In the first chapters you learn to play with one hand, there after with both hands and playing chords with your left hand and melodies with your right hand. All the time she guides you step by step towards becoming a harper. In lesson eight Woods introduces chords and tells how they usually are played, broken. This means that the notes are played rapidly rather one after another than all at the same time. Of different skills and effects she teaches is cross-overs (and cross-unders) – That is when the thumb crosses over a placed finger and is placed on a lower string before the finger plucks. There is glissando, very famous ans typical harp-effect. You slide the finger up or down along the strings, and harmonics which is to play one string that it sounds one octave higher that its normal pitch. The book contains lots of skills and excercices for both hands that will be considered as building blocks that you need to manage before you start on the next excercise.
Beside that the tunes are good excercices for you to learn the harp, they are very nice too. Here are for instance the well known choir from Beethovens 9th symphony or the irish song Cockles and mussels on harp. But there are many very old tunes too here so it is a kind of cultural history. The book also contains a lesson on how to replace strings, one lesson about harp care. It is also a table of symbols you will meet when you reed music, alfabetically index of tunes.
The DVD with the same name as the book is made as a help-tool for the book. Of course the DVD can be used alone as a great help, but it is made to follow the book and refers all the time to whats written in the different chapters in the book. Here Sylvia Woods plays through all the pieces in the book and simultanously comments how she plays and what you should be aware of when playing the pieces. She is also demonstrating the advices about fingerpicking, how to sit and so on. Sylvia Woods is a masterful theacher. She won’t let you skip anything. She stresses often how important it is to play through the pieces many times and learn the techniques before you jump to the next lesson. She stresses that every lesson is to consider as a building block that you need to manage before you start on the next excercice. The filming i clear and it is easy to see what she does with her fingers and hands. She explains very much in this DVD, she speaks with a luod and clear voice so there is no problem to hear what she is saying. Maybe she speaks a little bit too much when you see the DVD first time, but after you have seen it two or three times there is no problem.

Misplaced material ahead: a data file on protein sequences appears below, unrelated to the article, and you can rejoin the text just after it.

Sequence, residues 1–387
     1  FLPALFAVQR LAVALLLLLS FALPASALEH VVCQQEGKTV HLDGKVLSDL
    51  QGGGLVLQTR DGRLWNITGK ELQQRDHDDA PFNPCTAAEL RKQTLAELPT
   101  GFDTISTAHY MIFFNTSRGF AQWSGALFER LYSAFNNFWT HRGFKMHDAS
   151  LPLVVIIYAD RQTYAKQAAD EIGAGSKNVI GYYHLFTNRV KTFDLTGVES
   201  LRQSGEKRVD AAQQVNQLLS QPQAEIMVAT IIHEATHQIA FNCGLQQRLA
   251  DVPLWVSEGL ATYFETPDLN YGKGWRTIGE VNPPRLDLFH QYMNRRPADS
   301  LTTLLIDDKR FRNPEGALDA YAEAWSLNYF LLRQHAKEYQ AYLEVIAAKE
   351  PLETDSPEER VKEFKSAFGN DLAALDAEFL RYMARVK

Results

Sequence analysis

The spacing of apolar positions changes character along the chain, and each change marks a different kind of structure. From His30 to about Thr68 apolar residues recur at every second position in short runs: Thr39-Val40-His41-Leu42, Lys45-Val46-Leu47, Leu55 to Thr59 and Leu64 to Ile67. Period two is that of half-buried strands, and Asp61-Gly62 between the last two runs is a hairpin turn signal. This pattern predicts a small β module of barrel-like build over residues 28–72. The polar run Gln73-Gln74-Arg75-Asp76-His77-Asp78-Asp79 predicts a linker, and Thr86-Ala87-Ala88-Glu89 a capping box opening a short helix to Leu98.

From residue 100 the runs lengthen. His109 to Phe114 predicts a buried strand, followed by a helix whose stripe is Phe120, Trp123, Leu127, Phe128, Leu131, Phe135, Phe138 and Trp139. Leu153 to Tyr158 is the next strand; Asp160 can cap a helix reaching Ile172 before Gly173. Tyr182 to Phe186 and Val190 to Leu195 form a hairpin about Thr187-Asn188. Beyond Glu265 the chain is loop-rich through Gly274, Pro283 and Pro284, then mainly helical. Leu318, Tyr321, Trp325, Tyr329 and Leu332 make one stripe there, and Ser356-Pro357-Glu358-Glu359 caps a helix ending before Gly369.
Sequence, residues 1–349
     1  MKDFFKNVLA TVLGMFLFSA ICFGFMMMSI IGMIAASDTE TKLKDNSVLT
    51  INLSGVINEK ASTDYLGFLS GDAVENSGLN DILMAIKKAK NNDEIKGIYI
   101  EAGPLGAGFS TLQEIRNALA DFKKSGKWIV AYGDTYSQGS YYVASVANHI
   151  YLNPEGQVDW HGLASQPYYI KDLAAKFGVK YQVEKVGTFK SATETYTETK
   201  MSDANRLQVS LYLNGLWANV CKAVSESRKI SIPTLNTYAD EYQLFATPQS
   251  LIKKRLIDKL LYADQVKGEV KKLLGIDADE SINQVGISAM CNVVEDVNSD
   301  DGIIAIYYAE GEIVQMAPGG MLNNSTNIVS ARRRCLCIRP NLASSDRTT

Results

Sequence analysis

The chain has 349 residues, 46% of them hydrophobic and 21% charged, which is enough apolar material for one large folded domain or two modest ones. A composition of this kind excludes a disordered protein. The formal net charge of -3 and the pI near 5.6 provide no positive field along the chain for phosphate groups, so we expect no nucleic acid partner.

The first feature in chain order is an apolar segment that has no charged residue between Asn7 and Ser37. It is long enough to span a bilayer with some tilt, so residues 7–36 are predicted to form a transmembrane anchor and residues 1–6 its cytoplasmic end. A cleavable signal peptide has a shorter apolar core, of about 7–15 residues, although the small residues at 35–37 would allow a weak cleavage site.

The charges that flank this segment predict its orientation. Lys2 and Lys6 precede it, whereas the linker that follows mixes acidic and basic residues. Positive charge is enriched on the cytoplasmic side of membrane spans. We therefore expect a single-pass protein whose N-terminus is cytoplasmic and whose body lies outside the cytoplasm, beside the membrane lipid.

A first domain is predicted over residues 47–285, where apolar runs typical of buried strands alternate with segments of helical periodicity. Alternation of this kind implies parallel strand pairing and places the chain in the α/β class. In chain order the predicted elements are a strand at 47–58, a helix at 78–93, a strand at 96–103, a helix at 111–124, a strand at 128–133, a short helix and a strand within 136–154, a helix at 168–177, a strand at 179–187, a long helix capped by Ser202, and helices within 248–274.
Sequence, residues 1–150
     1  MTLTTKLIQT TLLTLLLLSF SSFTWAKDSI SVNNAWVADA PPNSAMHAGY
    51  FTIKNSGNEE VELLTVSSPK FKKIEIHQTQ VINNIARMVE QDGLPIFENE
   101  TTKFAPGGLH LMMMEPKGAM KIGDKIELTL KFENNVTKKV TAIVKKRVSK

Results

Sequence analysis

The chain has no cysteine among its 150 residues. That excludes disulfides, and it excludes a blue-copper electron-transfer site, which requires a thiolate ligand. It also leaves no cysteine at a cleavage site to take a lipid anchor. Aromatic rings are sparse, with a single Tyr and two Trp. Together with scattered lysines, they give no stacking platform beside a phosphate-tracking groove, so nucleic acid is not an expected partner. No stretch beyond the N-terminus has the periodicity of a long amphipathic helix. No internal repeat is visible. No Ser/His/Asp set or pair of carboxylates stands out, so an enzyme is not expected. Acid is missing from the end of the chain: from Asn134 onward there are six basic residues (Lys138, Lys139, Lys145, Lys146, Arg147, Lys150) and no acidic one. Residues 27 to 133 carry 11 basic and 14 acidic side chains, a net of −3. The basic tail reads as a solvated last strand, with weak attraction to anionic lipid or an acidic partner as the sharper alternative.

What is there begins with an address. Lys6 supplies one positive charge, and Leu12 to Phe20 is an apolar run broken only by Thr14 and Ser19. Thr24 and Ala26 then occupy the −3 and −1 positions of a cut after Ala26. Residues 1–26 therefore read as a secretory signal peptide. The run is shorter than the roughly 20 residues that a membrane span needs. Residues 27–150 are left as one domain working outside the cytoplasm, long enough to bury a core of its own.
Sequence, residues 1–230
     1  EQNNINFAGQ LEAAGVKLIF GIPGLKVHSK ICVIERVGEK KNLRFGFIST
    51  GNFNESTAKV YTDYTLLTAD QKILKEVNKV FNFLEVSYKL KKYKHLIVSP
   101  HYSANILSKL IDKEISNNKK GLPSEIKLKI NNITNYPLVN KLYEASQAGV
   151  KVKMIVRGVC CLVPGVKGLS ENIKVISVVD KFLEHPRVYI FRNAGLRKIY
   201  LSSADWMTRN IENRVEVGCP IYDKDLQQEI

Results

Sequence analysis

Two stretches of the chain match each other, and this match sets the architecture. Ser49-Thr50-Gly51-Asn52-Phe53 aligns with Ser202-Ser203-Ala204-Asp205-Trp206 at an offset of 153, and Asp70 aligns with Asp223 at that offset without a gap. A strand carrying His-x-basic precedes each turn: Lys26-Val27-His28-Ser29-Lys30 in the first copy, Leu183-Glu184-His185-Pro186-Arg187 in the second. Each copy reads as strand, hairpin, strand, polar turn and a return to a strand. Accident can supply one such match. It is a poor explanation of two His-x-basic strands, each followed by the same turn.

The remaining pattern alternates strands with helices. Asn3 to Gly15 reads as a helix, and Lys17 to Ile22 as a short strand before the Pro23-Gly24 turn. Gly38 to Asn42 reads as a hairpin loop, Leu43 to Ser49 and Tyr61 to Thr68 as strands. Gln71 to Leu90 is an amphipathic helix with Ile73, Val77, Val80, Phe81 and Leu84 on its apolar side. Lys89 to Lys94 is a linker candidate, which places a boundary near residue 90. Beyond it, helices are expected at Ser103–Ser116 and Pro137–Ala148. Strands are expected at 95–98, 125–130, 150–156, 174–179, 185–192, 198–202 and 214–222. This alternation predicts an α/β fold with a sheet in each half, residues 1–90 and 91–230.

Here you can hear Sylvia Woods play the tunes on her harp. This can be very helpful when you need to hear the tunes being played correctly. Many times I have problems to understand how e piece is to be played for instance because I am not that good a reading music, or because I misunderstand something. Then I can put on the CD and listen. It is not always it is time to look at the DVD to find out how the tune is played. This is actually a very nice CD just to listen to beside its use as instruction tool.
If you are looking for a set of book/DVD and maybe CD too, this is what you ought to buy. It starts at a ultimate beginner level and ends quite intermediate. If you only want a DVD or a little book avout the harp, maybe you should read the other reviews and think a bit what you are looking for. Anyway, feel free to e-mail me and ask if you want to know more about the progression, levels and so on from a “beginner point of view”. I will answer as good as I can.
When you have finished this instruction and play through every piece with any problems, one DVD by Laurie Riley may be a help to get even further in your harp play: Harp beyond the basics. Or If you want to learn more about music theory or arranging tunes for harp, this book by Sylvia Woods may be helpful: Music theory and arranging techniques for folk harp. There is also a book with tips and advices for every harper, The harpers handbook by Laurie Riley. For those who are interested, here you will find many interresting folk harp links.
Publisert: 26. juli 2010